Indiana Church Forces Gay Choir Director Out; 80 Percent Leave Church
After a pastor forced out a choir director because of his sexual orientation, 80 percent of the church has stopped attending the church. Congregational leader David Steele said many in the Alexandria First United Methodist Church in Indiana are unhappy with interim pastor David Mantor’s decision to disallow the long-term choir master from returning to his post, simply because he is gay.
“It’s almost like he’s hijacked the church,” David Steele said of Mantor, who refused to reinstate Adam Fraley to lead the music. “He is completely going against what the church body wants.”
According to UMC Book of Discipline “self-avowed, practicing homosexuals are not to be certified as candidates, ordained as ministers, or appointed to serve.”
However, the Indiana Conference of the United Methodist Church Communication Director explained that the conference interpreted this to apply only to those seeking ordination and “any other leadership positions should be filled at the discretion of the congregation and the minister.”
Yet when Steele spoke to Mantor about having Fraley returned to his post, Steele was likewise removed from his leadership position as pastor-parish relations head first by Mantor and later the district superintendent.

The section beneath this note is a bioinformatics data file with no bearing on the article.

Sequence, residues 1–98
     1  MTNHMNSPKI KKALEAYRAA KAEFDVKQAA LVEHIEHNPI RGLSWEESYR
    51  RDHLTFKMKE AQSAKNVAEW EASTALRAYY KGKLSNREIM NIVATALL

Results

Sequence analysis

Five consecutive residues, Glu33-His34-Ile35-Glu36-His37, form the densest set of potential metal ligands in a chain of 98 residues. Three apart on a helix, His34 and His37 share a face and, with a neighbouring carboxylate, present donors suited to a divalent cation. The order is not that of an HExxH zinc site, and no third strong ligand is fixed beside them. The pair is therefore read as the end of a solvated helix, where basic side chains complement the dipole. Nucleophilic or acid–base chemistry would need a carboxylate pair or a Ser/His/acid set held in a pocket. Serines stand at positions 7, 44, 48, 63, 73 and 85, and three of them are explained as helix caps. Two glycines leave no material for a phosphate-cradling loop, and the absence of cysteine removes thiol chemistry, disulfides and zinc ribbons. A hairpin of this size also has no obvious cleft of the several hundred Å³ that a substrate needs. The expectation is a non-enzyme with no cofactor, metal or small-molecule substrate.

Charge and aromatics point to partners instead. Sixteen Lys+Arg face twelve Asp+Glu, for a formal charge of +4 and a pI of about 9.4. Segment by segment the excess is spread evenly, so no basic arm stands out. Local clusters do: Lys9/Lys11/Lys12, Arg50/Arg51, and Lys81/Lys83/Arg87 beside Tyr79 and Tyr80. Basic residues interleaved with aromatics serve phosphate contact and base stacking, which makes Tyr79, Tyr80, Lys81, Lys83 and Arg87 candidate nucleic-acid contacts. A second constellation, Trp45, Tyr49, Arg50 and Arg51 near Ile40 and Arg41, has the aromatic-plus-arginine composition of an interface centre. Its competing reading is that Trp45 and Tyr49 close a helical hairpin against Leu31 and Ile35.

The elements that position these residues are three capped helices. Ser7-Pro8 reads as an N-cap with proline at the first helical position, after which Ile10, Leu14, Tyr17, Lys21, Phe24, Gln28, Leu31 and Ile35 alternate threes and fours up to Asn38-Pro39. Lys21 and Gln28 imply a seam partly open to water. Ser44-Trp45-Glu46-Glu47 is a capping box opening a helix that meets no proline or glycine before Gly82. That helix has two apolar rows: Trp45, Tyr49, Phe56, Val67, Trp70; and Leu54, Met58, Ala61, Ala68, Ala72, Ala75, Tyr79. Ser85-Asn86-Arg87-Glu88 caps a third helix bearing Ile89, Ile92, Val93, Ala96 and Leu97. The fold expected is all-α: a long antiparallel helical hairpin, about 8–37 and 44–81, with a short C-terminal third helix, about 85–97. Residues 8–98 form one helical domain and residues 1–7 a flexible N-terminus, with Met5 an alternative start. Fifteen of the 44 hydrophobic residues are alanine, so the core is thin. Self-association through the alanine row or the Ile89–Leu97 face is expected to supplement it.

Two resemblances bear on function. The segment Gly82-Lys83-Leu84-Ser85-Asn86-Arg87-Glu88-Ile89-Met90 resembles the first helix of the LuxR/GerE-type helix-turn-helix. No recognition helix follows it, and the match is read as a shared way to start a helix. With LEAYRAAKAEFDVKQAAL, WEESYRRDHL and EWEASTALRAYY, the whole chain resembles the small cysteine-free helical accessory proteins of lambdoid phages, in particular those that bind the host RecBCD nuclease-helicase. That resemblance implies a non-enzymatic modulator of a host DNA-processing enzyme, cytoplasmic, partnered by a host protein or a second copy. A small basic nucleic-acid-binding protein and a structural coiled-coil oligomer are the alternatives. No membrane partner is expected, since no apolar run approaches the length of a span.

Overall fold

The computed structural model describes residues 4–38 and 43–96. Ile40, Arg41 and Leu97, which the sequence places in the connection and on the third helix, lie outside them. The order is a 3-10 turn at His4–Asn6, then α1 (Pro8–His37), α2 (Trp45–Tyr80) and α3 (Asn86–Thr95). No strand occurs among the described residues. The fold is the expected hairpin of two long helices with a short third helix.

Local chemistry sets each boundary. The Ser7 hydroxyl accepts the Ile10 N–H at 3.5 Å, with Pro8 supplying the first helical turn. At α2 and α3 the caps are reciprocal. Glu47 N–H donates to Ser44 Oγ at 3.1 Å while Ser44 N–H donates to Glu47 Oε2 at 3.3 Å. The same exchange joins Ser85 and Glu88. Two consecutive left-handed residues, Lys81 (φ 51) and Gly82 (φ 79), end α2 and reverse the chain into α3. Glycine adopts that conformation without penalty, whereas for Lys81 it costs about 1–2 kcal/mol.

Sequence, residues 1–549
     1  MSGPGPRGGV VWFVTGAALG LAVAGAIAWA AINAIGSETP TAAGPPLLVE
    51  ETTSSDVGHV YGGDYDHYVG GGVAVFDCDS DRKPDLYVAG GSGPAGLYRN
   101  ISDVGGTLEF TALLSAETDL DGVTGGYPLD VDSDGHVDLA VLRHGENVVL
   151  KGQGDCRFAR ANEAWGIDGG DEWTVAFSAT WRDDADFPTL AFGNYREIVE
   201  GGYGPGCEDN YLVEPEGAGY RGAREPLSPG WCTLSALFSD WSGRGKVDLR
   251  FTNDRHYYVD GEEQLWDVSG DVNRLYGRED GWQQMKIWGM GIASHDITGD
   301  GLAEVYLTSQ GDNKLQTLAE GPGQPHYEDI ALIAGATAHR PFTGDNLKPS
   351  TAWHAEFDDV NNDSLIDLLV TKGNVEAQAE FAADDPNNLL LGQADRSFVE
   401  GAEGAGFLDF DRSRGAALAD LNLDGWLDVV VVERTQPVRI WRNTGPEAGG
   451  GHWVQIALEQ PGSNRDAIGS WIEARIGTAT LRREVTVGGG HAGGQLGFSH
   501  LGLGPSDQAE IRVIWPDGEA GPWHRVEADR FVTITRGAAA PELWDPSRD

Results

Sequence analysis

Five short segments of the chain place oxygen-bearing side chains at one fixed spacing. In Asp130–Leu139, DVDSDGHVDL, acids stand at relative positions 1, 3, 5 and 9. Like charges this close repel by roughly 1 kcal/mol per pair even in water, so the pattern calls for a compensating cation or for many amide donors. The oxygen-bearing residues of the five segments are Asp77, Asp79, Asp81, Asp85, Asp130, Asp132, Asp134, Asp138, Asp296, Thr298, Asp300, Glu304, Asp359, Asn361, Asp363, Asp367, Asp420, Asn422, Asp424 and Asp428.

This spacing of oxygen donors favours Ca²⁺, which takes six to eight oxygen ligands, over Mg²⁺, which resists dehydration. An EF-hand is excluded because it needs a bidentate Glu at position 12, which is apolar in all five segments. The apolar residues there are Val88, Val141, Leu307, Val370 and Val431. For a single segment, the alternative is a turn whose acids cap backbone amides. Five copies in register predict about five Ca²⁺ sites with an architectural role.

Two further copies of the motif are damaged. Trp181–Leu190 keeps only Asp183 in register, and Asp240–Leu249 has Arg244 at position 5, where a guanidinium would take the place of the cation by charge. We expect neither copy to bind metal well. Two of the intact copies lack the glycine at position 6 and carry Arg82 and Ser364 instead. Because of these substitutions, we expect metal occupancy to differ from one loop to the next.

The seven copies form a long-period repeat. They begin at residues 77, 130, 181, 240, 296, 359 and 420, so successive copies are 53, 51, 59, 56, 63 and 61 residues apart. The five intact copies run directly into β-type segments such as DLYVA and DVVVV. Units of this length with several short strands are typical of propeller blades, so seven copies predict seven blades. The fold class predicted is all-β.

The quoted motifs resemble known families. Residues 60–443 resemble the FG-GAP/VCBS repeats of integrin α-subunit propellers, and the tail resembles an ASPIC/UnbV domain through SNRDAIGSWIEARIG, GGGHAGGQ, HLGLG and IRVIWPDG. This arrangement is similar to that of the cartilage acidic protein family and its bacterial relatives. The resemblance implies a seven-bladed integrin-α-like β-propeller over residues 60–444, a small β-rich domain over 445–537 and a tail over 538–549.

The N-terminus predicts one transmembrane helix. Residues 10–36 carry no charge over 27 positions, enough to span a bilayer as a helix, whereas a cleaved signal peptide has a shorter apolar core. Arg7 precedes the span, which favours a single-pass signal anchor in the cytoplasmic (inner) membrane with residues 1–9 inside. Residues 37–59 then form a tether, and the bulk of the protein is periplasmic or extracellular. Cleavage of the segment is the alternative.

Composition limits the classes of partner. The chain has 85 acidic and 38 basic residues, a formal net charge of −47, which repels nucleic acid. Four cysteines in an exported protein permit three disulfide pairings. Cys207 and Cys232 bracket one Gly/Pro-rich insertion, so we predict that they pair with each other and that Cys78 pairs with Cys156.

For his part, Fraley said that his dispute with the pastor and the church is ultimately a civil rights issue because he was removed from his employment solely due to his sexual orientation.
He also stressed that being gay “has no bearing on how he conducts the worship or how people hear the worship,” and that he served without complaint or obtrusion into the worship experience for six years.
The feud over Fraley’s reinstatement will no doubt further incite the contentious debate that has been dividing the United Methodist church over those that feel the church should embrace all persons, including those who identify as gay, and those who feel being gay means they are unfit to serve in leadership roles.
An editorial for the United Methodist Reporter, however, claims that the discussion of this particular case should be less centered on the sexual orientation of the choir director and his firing and more about how the church needs to follow proper procedures when removing someone, like Steele, from office.
“The secular press is focusing primarily on the sexual orientation of the choir director in the decision about hiring and firing,” the UM Reporter editor wrote, “but this situation also raises the question of how congregations deal with conflict, and the propriety and process of removing a duly elected church leader without some form of due process.”
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